The firm hired to investigate grade changing in Memphis schools gave up after determining that the paperwork needed to prove misconduct did not exist in just about every case.
The investigation’s premature termination represents the end, according to the Shelby County Schools, of two years of looking into practices of promoting or graduating students who did not meet course requirements.
Of the 668 “high-risk” grade changes the firm found across seven schools, staff only provided 15 grade change forms that are required by the district whenever final grades are changed.
“That does not indicate 650-some-odd fraudulent grade changes. That’s not the conclusion we’re reaching,” said Jeremy Gilbert, the senior manager at Dixon Hughes Goodman, the accounting firm that handled the investigation.
But, he said the low number of forms that were recovered “has led us to conclude that continuing with the investigation… would not benefit Shelby County Schools in any way.”
Superintendent Dorsey Hopson said he was shocked and disappointed at the conclusion, but said he would rather focus on preventing future omissions than continuing to spend money to discern past instances.
“Look, I can keep taking your money or I can give you some good advice,” Hopson said of his conversation with Gilbert explaining why they wanted to end the investigation early.
Gilbert gave several reasons Shelby County Schools does not have the forms: Grade change forms required by district policy are stored in students’ files that go with them when they graduate, not all schools use them, and some files were “destroyed” when school counselors or administrators left schools, according to investigators.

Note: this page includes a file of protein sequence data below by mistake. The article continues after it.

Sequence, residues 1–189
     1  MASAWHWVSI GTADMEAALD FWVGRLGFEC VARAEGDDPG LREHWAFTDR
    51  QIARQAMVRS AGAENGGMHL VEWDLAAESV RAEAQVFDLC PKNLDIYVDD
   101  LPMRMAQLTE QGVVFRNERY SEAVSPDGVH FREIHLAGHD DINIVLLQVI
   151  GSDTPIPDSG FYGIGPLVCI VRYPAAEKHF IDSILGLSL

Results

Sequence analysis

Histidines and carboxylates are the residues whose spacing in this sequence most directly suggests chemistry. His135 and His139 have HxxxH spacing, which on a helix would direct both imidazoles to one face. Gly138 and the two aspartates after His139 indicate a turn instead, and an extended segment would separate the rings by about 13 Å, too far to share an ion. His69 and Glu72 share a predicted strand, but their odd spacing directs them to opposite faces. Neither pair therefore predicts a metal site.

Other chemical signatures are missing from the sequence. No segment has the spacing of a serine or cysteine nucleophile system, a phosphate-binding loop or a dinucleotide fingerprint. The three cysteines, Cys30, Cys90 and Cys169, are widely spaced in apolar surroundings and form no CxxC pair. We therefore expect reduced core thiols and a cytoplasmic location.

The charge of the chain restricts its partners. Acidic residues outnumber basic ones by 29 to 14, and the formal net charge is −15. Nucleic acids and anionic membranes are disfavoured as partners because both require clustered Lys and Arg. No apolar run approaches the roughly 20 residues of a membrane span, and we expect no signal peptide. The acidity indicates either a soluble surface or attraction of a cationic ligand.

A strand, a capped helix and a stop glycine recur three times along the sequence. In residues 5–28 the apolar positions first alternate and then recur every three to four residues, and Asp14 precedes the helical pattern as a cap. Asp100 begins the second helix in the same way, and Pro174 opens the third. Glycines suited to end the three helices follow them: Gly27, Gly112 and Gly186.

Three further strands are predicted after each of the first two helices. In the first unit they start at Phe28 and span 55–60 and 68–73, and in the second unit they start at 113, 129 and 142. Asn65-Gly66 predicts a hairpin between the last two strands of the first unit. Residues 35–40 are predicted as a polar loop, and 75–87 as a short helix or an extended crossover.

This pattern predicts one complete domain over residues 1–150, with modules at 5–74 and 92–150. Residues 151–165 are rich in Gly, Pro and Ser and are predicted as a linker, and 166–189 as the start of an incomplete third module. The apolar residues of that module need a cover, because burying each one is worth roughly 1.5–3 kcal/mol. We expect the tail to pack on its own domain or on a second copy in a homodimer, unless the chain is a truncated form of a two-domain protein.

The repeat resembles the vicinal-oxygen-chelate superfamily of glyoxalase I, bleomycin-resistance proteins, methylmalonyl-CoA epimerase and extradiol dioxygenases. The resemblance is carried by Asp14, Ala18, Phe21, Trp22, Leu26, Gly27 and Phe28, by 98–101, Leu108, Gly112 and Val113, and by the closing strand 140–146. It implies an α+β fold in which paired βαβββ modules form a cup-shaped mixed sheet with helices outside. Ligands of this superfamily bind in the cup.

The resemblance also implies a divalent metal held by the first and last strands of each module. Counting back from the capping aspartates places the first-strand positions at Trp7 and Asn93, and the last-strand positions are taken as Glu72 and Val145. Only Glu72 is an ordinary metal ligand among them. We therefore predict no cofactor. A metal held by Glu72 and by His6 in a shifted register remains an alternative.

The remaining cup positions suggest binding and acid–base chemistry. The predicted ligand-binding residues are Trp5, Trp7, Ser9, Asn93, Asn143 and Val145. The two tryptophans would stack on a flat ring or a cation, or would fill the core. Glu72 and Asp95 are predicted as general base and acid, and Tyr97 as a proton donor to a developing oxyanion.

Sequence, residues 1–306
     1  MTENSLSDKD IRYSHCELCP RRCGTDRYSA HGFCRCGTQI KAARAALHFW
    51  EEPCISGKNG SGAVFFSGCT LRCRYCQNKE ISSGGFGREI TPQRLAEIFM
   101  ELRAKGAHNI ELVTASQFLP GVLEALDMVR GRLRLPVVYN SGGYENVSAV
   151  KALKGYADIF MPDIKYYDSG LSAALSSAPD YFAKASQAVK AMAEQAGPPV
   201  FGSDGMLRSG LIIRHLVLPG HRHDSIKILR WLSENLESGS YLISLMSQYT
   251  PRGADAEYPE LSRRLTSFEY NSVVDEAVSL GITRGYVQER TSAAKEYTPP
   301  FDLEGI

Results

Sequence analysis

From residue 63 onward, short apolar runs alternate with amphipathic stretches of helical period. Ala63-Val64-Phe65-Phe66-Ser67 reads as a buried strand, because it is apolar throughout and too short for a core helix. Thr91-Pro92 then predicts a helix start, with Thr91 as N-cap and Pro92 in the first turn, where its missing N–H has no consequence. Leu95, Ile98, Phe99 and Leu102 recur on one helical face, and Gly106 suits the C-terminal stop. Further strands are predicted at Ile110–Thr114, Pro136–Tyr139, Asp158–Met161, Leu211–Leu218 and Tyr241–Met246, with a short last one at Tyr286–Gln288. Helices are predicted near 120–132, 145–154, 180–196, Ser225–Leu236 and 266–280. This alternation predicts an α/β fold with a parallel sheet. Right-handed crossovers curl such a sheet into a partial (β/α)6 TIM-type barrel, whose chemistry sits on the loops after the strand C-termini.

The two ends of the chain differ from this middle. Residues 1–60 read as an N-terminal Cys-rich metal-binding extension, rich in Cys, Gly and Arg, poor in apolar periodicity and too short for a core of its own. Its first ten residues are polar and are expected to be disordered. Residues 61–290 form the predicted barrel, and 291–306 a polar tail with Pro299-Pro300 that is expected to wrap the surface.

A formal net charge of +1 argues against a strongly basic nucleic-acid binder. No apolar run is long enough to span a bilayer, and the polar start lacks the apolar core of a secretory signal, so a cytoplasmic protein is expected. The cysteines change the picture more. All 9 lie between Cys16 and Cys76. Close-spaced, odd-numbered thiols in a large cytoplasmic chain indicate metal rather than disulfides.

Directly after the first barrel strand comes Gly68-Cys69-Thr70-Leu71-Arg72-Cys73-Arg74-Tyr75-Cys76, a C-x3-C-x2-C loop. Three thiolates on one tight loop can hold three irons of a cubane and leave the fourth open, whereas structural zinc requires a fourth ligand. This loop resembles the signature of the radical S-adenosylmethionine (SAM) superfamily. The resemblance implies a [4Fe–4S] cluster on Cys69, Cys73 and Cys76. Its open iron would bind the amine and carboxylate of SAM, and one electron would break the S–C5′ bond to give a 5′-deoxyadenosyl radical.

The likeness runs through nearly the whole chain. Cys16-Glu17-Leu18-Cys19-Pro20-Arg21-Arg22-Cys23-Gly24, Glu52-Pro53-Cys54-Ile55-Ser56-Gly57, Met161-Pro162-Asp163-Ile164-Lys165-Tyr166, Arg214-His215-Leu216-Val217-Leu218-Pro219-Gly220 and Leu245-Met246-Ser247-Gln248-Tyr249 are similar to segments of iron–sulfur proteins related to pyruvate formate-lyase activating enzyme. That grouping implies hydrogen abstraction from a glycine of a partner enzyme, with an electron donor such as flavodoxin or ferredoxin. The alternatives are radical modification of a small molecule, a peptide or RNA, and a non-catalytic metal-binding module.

“Strangely, in my opinion, when those counselors moved on from that school, the files were destroyed,” Gilbert said.
The firm recommended Shelby County Schools make grade change forms — what Gilbert called “the most reliable source” of legitimizing changes — electronic so they will exist after the student graduates. Investigators also recommended that only one person per school should be authorized to change grades.
In response, the district has hired four people to review grade changes, and is working to electronically convert the form while also training principals on how and why grades should be changed. There is also a draft of a new policy for the school board to review that includes the firm’s recommendations. (Scroll down to the bottom of this story to read the draft policy.)
Some of the district’s safeguards have already proven helpful. Since the investigation was commissioned, Hopson restricted those allowed to change a student’s grade to only teachers, a records secretary, and one other designee of the principal. A new required monthly report from principals of any grade changes led the district to discover that a student had changed her own grades and those of other students at a computer left unattended, Gilbert said.